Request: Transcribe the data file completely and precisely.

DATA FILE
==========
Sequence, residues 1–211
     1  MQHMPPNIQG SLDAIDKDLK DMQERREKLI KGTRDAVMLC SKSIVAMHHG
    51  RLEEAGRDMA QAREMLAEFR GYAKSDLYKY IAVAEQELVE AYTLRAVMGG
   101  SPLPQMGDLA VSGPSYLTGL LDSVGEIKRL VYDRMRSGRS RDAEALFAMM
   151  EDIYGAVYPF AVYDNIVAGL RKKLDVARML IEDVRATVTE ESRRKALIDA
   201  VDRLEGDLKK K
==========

Sequence, residues 1–211
     1  MQHMPPNIQG SLDAIDKDLK DMQERREKLI KGTRDAVMLC SKSIVAMHHG
    51  RLEEAGRDMA QAREMLAEFR GYAKSDLYKY IAVAEQELVE AYTLRAVMGG
   101  SPLPQMGDLA VSGPSYLTGL LDSVGEIKRL VYDRMRSGRS RDAEALFAMM
   151  EDIYGAVYPF AVYDNIVAGL RKKLDVARML IEDVRATVTE ESRRKALIDA
   201  VDRLEGDLKK K